• The online Bulletins and Mart and Highlights are currently unavailable due to a failure of a network piece of equipment. We are working to replace it and have the Online publications available as soon as possible. Thank you for your patience.

Gilbert Strike Train Won't Run

rexdub

Registered User
Jul 1, 2021
5
0
1
74
Country
You guys were amazing in helping me with my first project on the ST OG. Now, I need help on a 1920 Gilbert movement. We picked up the clock for very little at an auction, sight unseen and with no real knowledge of what we are doing. However, we are eager to learn! The clock had obviously been stored in a shed or garage for a very long time. Mildew inside the case, filthy, and the movement was frozen with grunge. After cleaning and reassembling, the time side is working well. However, on the strike side, the levers lift and then fall with no power coming from anywhere. I placed a small screwdriver behind the mainspring because it looked like it was bound and I got movement. I tried to show this in the first picture. There are a couple of other pictures, but I really don't know what to show you. I cannot get the strike movement to move in any other way. Could it be a bad mainspring? I am at a loss and would appreciate any help! Thanks!

IMG_5985.jpg IMG_5986.jpg IMG_5987.jpg
 

Willie X

Registered User
Feb 9, 2008
14,962
1,853
113
Complete stoppage is unusual.

Start at the top (at the fly) and go down, wiggling the wheels and arbors as you go. Somewhere along the line there will be no wiggle. That is where your problem will be. Could be many things like bent pinion trundles, bent arbors, bent teeth. Probably something serious but maybe not.

Willie X
 

Dick C

Registered User
Oct 14, 2009
1,872
100
63
Country
Is the mainspring for the chime side installed in the correct direction?
 

Dick Feldman

Registered User
Sep 1, 2000
2,713
281
83
Colorado, usa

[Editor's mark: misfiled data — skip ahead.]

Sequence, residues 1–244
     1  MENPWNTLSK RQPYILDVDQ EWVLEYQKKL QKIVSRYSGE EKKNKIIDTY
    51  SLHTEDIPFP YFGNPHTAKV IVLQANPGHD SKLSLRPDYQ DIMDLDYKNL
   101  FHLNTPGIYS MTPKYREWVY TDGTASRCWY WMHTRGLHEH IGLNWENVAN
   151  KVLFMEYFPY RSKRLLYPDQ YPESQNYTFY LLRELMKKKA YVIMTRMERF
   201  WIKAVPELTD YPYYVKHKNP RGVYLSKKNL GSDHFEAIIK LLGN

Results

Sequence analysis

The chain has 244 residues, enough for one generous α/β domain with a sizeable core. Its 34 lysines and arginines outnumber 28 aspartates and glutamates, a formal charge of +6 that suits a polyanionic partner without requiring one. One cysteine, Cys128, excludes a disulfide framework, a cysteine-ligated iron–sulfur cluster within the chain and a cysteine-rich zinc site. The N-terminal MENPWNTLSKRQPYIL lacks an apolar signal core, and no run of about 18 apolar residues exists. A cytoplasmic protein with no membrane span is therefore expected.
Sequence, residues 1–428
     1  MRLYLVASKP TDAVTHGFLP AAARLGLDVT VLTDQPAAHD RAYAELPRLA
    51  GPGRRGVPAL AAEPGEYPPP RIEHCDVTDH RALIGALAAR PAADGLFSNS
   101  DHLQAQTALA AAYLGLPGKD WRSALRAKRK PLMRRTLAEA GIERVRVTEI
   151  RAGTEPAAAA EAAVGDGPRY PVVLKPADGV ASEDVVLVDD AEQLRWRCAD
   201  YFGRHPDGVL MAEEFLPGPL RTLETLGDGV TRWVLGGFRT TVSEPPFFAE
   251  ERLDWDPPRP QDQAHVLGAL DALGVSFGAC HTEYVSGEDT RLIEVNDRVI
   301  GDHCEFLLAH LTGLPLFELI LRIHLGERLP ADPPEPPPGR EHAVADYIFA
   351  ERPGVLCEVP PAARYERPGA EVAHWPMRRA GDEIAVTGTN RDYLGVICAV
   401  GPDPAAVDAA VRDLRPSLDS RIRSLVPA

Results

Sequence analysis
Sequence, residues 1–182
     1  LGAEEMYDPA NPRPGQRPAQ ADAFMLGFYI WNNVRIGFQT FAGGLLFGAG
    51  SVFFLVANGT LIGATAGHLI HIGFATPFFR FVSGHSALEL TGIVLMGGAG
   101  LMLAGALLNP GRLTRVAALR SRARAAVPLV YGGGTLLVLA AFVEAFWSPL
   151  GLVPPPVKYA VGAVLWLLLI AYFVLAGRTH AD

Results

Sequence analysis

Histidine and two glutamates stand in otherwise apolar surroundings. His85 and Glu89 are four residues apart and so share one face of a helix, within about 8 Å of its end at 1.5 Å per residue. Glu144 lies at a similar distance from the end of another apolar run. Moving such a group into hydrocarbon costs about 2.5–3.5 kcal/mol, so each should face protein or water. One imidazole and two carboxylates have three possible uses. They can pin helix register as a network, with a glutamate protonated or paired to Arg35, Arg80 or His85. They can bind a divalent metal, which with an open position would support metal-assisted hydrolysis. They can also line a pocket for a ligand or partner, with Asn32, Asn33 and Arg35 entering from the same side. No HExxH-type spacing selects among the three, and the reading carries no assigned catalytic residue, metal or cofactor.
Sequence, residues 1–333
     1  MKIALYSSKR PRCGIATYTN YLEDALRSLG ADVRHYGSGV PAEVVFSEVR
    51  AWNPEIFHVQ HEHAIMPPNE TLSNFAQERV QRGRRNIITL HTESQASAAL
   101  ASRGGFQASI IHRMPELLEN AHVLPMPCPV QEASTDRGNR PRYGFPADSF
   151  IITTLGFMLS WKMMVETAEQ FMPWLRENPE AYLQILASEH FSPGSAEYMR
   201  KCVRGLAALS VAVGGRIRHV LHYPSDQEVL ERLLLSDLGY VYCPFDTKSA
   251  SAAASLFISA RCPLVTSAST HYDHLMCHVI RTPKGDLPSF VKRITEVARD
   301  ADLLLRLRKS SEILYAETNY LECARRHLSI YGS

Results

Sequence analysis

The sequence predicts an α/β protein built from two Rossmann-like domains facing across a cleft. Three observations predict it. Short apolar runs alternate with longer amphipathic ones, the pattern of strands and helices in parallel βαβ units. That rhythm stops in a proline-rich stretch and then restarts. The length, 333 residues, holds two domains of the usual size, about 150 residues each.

Country
Region
I lifted the following from a post a day or so ago. I think it is appropriate
"My feelings are that main springs and escapements are zeroed in on because they are what is visible. I also feel both are most times victims rather than the cause of problems in clock movements.
I feel the most common cause of clocks not being reliable is low power in the train. Low power due to friction due to wear. That wear occurs in the pivot holes in the plates. New main springs and adjustment of escapements is seldom a long lasting fix for movements.....
So—I believe the first approach to clock repair should include diagnosing and solving that wear....
As a partial answer to your question. Main springs seldom go bad. Main springs break and come unhooked as well as a number of other maladies. Many/most main spring problems are the result of click assembly failure. There is a lot of power stored and one should be sure that power can be properly restrained, every time the click assembly works....
I have mentioned before that this board is populated by repair people of all levels. The same is true of U Tube videos, etc. Many of the current myths of clock repair are innocently spread by novices to the trade.
Clean, oil and adjust are not bad for clock movements but are mostly preventative rather than being curative. Those processes being basic and necessary are part of that set of myths...."
Your clock has steel plates vs. brass plates. The pivot holes are usually in brass plugs inserted into those steel plates. That style movement is notorious for having faulty/worn click assemblies. The strike side is kind of complicated to change due to the count wheel attached to the main wheel. My first impression is that a 100 year old movement will be worn and need quite a few bushings to be serviceable in the long run .